We are currently learning how to work in new ways. Remote working is fast becoming a norm, and though there are many benefits and research is showing that many are happy to have a more flexible work style, we must remember that this way of working brings about a lot of changes to a team, especially when it comes to how they are managed.
One such change is that of team culture. Team culture is important in any team. But with a lack of physical shared space and regular face-to-face interactions, it is harder to create a team culture in a remote team and so more effort is required to make sure it is positive and thriving. Here we explore a tool that can prove incredibly useful here: virtual team building.
It’s becoming clear that members of remote teams can often feel lonely, isolated, overwhelmed (especially if they are a new starter), unsupported and uncreative. Virtual Team Buildings can help combat these in a number of ways.
Firstly, it can do wonders for the team as a whole. It can help the team to get to know one another, and is a way for the manager to look out for the team, allowing them to show their support and recognition. Over time, this helps reinforce a shared team identity, builds trust and increases productivity, collaboration and motivation.
For team members that feel lonely or isolated, it provides the interaction and communication they are missing out on, as well as a fun way to keep in touch with the other members. It also helps reinforce the sense that they are part of something, and helps them forget that they aren’t in the same space.
Importantly, it can also be a great way to welcome new joiners. It is strange joining a remote team, as there are no natural ways of building relationships with the rest of the members, which can often add to feelings of loneliness and isolation. Team building is just one way (but by no means the only way) of ensuring any new joiners are made to feel part of the team.
Lastly, it can also simply be a way of connecting as a team and having some time out, especially if they are suffering from creative fade, or are low on productivity and need a fun boost.
There are many different types of team building and it will depend on what you need to use it for. They can range from short activities to long ones, and some may need more preparation, whereas others may need little. They can be icebreaker activities, which can be used before longer meetings; or it can be a collaboration activity or a quiz. Not all are activity-based though, you could arrange a virtual team room, where you can chat over a cup of coffee, or a space to share achievements, projects, or news (and they don’t have to be work-related).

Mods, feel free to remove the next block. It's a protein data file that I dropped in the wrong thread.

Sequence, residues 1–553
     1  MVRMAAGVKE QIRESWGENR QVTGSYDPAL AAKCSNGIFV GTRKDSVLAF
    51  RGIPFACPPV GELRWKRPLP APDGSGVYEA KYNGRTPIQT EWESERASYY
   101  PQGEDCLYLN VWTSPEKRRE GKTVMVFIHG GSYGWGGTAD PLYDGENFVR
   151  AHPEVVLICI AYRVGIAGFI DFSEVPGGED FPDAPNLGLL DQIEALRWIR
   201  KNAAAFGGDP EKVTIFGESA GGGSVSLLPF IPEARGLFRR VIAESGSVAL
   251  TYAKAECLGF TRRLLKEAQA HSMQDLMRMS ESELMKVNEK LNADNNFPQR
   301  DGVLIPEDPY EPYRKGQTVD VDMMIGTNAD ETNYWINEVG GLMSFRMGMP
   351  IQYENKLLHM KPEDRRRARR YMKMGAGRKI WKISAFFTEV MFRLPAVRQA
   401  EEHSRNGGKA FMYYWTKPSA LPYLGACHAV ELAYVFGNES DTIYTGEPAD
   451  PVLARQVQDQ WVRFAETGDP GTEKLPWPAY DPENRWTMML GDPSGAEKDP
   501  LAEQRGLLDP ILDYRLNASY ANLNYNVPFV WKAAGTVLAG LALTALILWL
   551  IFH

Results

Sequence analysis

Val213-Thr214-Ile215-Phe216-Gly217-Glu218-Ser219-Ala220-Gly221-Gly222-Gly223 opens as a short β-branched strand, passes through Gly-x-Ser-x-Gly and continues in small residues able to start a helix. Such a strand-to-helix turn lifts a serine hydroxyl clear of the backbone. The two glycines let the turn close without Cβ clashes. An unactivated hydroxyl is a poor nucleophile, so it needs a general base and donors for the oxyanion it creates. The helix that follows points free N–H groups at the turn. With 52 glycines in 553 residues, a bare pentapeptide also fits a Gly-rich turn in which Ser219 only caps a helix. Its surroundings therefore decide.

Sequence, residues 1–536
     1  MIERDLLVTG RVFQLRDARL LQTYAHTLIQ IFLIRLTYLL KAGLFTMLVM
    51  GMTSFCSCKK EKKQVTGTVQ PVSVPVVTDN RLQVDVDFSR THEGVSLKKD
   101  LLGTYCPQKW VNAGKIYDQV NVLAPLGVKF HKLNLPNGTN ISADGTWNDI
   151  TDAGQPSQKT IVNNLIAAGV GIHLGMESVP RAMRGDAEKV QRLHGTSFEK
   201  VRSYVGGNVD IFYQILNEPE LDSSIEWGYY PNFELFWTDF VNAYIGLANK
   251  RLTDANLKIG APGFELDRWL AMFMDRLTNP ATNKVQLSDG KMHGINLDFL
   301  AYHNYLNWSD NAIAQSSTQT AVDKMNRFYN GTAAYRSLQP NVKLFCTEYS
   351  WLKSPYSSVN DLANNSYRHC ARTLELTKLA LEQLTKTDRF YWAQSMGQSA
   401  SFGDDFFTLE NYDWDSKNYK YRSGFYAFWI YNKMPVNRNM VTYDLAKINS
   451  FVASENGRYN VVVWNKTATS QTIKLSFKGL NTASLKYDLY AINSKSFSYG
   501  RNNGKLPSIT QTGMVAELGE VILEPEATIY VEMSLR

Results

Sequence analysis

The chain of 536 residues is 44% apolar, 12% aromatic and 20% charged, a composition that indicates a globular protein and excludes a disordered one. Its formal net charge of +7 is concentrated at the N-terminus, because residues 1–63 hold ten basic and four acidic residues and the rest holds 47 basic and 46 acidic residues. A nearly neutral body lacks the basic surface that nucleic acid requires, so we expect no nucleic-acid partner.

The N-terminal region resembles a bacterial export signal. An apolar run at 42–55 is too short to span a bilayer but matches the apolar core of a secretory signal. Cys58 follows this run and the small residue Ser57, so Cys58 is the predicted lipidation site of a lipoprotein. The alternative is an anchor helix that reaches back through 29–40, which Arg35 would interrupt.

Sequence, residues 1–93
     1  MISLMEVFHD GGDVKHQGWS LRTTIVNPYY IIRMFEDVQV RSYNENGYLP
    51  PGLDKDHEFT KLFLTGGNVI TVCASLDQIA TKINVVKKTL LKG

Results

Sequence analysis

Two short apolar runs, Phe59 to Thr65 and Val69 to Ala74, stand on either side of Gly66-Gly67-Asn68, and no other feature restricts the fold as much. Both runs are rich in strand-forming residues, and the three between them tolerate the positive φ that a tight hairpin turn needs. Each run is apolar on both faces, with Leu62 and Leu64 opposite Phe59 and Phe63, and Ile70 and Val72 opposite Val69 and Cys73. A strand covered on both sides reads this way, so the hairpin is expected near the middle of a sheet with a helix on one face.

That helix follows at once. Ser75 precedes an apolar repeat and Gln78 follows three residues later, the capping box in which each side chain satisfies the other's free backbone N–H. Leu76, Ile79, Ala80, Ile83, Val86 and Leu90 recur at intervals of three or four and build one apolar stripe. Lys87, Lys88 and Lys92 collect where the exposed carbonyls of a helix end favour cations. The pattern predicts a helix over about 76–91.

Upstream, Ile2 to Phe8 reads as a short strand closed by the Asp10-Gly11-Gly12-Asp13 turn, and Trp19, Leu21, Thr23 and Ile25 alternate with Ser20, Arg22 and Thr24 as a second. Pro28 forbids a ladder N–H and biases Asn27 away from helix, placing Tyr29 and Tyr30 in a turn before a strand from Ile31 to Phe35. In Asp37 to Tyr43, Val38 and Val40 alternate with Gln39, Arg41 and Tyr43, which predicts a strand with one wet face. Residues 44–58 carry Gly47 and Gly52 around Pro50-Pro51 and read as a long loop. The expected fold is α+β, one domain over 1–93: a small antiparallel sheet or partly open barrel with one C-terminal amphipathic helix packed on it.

But the essential ingredients are a team, a strong leader or manager, some good ideas, creativity, enthusiasm (especially from the leader), reliable technology, good communication, and an understanding of how to carry it off successfully.
As you can imagine there are some challenges. Here are the main ones.
Make sure you’re using some technology you are familiar with, or if you aren’t, make sure to test it first and have a practice-run.
It can be hard to find time that suits everyone. To get around this, you could make it a regular meeting so it is always in the diary (whether that is weekly, bi-weekly or monthly – as often as you think you need), or book it far enough in advance that people’s diaries are unlikely to be booked.
It can’t be denied – team building can induce feelings of dread in some and they will expect the worst. Make sure you know your team and know what they like, what they dislike, and what they are likely to be open to. Don’t just cater to your needs, make sure everyone’s are considered. If this is apparent, the team is likely to be more open to the idea. It is also helpful to highlight the benefits of the team building and why you think it is necessary: emphasise the importance of bonding and having fun away from your work – we all need a break.
They can’t. Why not? The removal of a lot of physical cues will affect how you interact. For example, even within a team, chats will often organically develop between smaller groups, but in a digital call, there is no space for that – everyone is present and involved. Therefore, consideration needs to be had around some elements: how to make it clear whose turn it is to speak, what the rules are, how to use the technology and so on. Setting some ground rules will help the team to feel more comfortable in the setting.
If you are eager to gain more insights into how to lead and manage remote teams, we recommend our Leading and Managing Remote Teams training pack, which includes six courses. If you would like to find out more about how to maintain team culture, try our specific course Maintaining Team Culture for Remote Teams.